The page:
Let me try and give these numbers a bit more context.  The growth in the NAV of RRSF over this period was 36% more than the growth in the NAV of SBIMMF.  Yet, the gain to the investor from investing in SBIMMF was 57% more than the gain from investing in RRSF.  I look at this as proof that investing in a scheme that gives better returns, in no way, guarantees that we will get better returns.  Indeed, the returns to us can be far less than what we may imagine.

The role of returns in building wealth

I remember a thought shared by a stock broker in my early days in the business.  I paraphrase: “You may earn a 100% in a year but if all you invested is Rs.100, all you will have at the end of the year is Rs.200.  By no stretch of imagination will you be wealthy just by seeking high returns.”

I have regarded that as a useful comment on how wealth is built.  To refine it a bit, the wealth that we build is most influenced by the amount that we save and invest, and the timeliness of our investments (i.e. our ability to invest regularly, without delay).  We can, and must supplement these with good investment choices.  However, we need to realize that there are practical limits to the rate of return that we can earn from our investments on a sustained basis.  And if the points made earlier are anything to go by, we have limited control over the return that we will end up getting.

Putting all of this together, I would like to suggest that a scheme’s returns are not as consequential as most of us might believe.  But I’ll let you be the final judge of that.  And along with what I have, so far, shared in this post, I’d like to offer you a parting thought that puts a whole different spin on the question in the title.

Most good things in life come at a price.  Generally speaking, the more important something is to us, the higher is the price that we are willing to pay.  Conversely, the higher the price that we are willing to pay for something, the more important it can be considered to be to us.  Thus, the importance of a scheme’s returns to us can well be judged by the price we would be willing to pay or, more accurately, the compromises that we are willing (or not willing) to make.  Let me explain with a personal example.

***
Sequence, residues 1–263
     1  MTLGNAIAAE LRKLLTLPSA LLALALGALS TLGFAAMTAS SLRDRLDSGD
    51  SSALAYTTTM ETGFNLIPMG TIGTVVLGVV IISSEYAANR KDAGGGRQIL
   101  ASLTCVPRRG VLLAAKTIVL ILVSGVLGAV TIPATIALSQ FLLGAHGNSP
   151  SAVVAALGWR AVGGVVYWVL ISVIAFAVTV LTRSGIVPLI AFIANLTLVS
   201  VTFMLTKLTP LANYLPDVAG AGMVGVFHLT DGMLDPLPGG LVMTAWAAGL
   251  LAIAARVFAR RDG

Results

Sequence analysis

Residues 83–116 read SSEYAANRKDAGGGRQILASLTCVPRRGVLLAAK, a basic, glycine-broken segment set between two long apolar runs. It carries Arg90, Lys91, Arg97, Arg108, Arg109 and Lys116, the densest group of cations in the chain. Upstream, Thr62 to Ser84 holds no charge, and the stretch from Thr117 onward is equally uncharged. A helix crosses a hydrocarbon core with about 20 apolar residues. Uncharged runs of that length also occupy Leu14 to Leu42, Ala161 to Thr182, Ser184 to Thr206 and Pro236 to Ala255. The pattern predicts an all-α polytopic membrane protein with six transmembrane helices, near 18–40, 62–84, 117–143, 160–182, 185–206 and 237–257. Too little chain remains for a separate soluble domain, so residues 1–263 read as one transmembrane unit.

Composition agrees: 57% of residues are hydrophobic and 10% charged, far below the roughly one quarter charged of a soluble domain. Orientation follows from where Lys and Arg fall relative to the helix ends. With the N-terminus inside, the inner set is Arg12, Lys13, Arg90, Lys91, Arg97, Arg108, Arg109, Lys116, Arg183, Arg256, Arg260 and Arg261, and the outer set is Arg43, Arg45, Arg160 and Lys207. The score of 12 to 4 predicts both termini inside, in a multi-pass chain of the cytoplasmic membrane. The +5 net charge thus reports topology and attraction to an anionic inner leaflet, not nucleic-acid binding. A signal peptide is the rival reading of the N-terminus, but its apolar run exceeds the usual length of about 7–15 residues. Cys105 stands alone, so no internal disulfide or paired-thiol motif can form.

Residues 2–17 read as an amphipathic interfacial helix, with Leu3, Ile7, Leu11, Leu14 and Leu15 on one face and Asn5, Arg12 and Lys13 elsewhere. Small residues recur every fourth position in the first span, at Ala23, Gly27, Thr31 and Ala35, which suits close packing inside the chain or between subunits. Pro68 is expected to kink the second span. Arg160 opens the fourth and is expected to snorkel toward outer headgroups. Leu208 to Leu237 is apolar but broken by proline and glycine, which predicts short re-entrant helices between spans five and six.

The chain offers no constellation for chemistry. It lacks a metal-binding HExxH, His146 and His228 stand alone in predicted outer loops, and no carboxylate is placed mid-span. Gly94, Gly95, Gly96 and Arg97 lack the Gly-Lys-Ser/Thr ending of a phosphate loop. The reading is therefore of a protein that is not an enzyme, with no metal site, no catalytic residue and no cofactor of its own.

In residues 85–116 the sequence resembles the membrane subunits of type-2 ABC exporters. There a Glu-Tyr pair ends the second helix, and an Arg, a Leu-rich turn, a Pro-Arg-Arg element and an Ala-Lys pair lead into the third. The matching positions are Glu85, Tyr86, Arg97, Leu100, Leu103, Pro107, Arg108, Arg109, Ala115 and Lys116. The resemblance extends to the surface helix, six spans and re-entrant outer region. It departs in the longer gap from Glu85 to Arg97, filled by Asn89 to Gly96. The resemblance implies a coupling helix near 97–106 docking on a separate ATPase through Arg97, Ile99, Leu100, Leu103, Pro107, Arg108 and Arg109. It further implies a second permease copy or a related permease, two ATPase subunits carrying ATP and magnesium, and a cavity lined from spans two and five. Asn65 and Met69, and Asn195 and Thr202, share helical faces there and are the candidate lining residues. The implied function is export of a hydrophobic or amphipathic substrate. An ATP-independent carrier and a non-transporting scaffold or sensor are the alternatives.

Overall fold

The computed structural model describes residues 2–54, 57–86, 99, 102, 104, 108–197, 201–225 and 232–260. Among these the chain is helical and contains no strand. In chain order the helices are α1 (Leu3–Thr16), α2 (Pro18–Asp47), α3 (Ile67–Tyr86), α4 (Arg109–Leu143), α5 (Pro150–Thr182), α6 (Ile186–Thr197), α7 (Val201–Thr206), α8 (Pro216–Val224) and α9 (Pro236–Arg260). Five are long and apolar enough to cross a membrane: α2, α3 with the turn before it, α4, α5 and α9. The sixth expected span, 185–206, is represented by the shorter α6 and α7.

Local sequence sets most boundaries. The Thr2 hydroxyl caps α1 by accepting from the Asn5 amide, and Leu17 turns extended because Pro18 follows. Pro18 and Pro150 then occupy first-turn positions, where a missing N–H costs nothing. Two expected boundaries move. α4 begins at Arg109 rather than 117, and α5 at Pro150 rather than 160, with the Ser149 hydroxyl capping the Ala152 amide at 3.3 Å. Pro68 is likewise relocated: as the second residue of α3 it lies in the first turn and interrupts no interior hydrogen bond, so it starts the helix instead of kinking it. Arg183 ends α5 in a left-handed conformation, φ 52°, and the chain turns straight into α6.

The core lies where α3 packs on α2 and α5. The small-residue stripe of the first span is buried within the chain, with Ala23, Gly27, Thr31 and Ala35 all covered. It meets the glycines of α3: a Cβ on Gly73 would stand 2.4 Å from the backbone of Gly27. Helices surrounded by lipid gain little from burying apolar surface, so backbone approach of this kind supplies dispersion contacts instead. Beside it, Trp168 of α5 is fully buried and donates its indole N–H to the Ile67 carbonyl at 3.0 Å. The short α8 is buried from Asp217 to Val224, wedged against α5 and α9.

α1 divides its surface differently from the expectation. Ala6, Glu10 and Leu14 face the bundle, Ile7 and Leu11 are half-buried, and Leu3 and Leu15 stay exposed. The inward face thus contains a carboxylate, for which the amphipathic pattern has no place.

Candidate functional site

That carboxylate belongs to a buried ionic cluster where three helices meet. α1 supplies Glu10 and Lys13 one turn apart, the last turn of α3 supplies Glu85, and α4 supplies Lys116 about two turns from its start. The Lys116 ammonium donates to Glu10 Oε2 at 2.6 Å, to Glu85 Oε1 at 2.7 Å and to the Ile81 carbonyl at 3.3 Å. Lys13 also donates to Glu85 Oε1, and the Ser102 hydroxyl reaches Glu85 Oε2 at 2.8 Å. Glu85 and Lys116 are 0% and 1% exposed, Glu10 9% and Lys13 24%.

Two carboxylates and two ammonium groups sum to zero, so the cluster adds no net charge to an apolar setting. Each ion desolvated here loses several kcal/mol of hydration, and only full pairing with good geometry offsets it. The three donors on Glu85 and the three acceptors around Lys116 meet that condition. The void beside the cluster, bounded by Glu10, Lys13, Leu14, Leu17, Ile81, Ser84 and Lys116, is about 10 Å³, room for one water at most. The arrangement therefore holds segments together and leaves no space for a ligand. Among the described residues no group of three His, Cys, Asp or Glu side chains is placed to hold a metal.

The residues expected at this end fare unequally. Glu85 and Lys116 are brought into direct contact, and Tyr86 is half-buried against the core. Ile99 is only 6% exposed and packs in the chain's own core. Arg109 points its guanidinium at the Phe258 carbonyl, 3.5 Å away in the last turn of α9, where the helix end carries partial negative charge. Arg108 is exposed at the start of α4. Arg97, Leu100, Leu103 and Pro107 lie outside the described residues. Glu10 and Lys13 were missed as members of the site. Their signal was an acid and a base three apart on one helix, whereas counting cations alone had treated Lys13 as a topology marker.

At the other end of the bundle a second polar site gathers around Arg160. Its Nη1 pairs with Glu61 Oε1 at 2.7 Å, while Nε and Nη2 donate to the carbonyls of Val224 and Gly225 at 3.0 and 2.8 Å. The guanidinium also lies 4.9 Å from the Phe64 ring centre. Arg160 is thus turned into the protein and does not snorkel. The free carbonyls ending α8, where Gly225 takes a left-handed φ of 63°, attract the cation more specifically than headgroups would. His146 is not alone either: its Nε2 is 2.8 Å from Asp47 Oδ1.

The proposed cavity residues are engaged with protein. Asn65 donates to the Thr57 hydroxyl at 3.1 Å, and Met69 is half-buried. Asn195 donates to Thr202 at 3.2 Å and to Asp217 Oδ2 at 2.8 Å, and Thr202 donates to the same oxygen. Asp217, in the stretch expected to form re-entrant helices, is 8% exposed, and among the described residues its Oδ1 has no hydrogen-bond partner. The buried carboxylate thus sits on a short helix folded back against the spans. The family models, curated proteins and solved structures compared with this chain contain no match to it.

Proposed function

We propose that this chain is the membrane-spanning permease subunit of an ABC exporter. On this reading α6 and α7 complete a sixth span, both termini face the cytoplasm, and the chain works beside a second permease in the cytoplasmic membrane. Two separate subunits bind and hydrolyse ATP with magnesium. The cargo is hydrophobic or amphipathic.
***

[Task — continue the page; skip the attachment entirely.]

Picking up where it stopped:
I have taken a stance to not invest my money with HDFC mutual fund.  To be clear, I have great respect for their Chief Investment Officer as an equity fund manager.  I have no reason to doubt his ability to generate better returns than most of his peers.  On the flip side, I have regarded their disclosures around expense ratios as inconsistent and opaque.  Nonetheless, a few years ago, I went ahead and invested a small portion of my portfolio with them.  I was clear that I was making a compromise.  But then, a series of service issues started popping up which left an extremely bitter taste in my mouth.  To put it bluntly, I felt like I was being yanked around.  After a bit of deliberation, I came to the conclusion that this fund house did not deserve my business, and pulled out my investments.  In other words, this time around, I refused to compromise.

Yes, I am a small investor, and my stance may not affect them.  Some of my well-wishers have argued that I have had more to lose than them by depriving myself of good returns.  Fact is, that doesn’t bother me.  For my part, I am clear on where I draw the line on making a compromise, and my actions reflect that.  And that’s really the question we have to ask ourselves.  Would you be willing to chase the promise of ‘good returns’ at any cost?  Or would you want to draw the line somewhere?  And, if so, where would you draw it?